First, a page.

Forthcoming Events Free insertions under this column to all those who bring in their PrinAn on all Forth-coming Events. JANUARY 19th — Nursing Association Annual Meeting at the Council School ab I 7.80 p.m. MAHUR. 1st (St. David's Day) Pat-li Road I Cbajpcl Annual$nteitaiument.
A LETTER FROM THE FRONT. I ¡ The following letter was received by ¡ T, Dudfey, Barmontb Hotel, from his 1 -?a, Pte. 021757 Harold Dudley, H.Q.I, I C C., Mt. A.S.C., who is with the British Expeditionary Force in North France. North of France, Jan. 8th, 1915. My Dear Dad,—I am delighted to be I)le to sit down and write to you again, i.iid tell you that I received your parcel 1 st night by the 8 80 post. Also two letters dated Dec. 28lb and Jan. 4th. I have also received from Mr J. Jones, The Library, a parcel containing a body beit, mitts and socks—a very acceptable i )t. I am writing to thank him to-night. Now, Dad, you must not be worried at any time if you do not receive a letter for a week or two. We are running up to within three miles of the firing line, then the hoise transports takes the goods right up. The roads aro fearful and full of all kinds of traffic,—fast cars, troops moving up, transports pulled by horses, motors and dogs, guns going up, big and small. So you will see we hardly know when we canfget back to the base. I had my car in the fitting shop for two days, and so I have had a rest. At the base here there are black- smiths, fitters, wheelwrights, and a big shop. It is hard work, but the of all the people -,i-e English, Welsh, Seotts, Irish, Indians, in tact all of them seem to be pos- sessed with the same idea. Nothing is too big or too little if it is for King and country. Tell mother that she must keep her heart up and remember that I am only one of hundreds of thousands, most of whom have a more dangerous job to perform than mine. Send me no food nor matches, but cigarrettes and boots. Well, good-bye, with dearest love to mother and til, HAROLD. ;M-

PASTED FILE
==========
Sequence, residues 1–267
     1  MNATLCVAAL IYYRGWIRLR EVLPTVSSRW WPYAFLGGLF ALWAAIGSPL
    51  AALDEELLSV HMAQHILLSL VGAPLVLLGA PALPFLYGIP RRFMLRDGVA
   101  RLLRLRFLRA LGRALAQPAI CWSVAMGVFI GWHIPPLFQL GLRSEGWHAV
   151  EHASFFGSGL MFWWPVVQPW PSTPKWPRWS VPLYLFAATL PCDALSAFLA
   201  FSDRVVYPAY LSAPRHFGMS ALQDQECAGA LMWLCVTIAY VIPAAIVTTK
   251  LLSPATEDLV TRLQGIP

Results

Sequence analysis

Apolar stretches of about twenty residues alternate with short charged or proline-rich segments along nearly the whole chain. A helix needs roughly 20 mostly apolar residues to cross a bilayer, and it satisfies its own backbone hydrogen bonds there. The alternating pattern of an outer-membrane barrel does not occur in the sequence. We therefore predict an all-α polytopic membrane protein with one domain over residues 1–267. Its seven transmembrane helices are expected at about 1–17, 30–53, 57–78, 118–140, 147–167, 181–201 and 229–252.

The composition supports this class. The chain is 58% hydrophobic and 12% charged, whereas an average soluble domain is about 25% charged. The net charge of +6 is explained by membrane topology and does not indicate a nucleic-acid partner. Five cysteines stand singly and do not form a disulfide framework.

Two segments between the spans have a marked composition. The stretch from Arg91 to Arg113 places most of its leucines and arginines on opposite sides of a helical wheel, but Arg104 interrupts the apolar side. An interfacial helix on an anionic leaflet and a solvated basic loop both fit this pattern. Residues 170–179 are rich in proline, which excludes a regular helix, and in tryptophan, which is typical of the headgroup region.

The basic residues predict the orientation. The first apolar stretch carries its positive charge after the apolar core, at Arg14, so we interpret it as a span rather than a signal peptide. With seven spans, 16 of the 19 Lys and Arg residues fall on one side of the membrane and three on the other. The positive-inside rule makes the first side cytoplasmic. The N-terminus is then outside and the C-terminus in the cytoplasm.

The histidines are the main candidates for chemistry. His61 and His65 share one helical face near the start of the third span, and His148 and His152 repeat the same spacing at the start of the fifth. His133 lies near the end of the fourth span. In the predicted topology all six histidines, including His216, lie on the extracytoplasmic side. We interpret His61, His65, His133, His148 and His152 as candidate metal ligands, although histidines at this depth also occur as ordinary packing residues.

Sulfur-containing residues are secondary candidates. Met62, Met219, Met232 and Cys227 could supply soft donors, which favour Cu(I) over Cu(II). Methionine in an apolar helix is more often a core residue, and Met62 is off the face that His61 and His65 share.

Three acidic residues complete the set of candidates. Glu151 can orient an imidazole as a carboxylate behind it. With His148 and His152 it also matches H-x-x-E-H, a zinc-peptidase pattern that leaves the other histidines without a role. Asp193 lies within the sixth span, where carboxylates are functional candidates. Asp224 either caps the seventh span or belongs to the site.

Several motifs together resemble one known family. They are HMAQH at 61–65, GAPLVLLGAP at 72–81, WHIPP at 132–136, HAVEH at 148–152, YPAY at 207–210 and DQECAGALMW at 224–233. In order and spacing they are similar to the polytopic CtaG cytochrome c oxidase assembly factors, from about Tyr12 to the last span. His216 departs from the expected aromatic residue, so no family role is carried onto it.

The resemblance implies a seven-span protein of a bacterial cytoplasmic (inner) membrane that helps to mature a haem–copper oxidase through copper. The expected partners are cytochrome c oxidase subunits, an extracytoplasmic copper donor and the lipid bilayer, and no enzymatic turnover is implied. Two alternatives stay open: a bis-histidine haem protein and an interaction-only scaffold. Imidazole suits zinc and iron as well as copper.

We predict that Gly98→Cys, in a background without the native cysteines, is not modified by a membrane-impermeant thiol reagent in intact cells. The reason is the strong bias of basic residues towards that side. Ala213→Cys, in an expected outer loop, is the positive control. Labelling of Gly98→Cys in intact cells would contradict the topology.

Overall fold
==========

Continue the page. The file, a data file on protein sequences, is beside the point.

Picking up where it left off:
CHURCH AND CHAPEL ORDER OF SERVICES. ENGLISH. S. John's Church, 11 and 6.80. Llanaber Church, 11.15. Clergy, Rev. R. Lloyd Roberts, M.A., R-D. (rector of the Parish), Rev. R. Ward, B.A., and Rev. R. Lioyd Jones, B.A. Catholic Church, 11 and 6.30. Rev. Father Wilcock. Christ Church (English Presbyterian), 11 and 6.80. Rev. S. T Hughes. English Congregational Church, 11 and 6 30. Rev. W. Glandwr- Morgan (pastor). WELSH. Llanabor Church, 10 and 6. S. David's Church, 10 and 6. Caersalem Chapel, 10 and G. Rev. Richard Evans, Harlech. Park Road Chapel, 10 and 6. Rev. E. Jones-Edwards, Artbog. Wesleyan Chapel, 10 and G. 'Rev. E. J. Parry (pastor). Siloam Chapel, 10-and G. Rev, P. H. Lewis (pastor). Baptist Chapel, 10 and 6. Rev. Edwin Jones (pastor).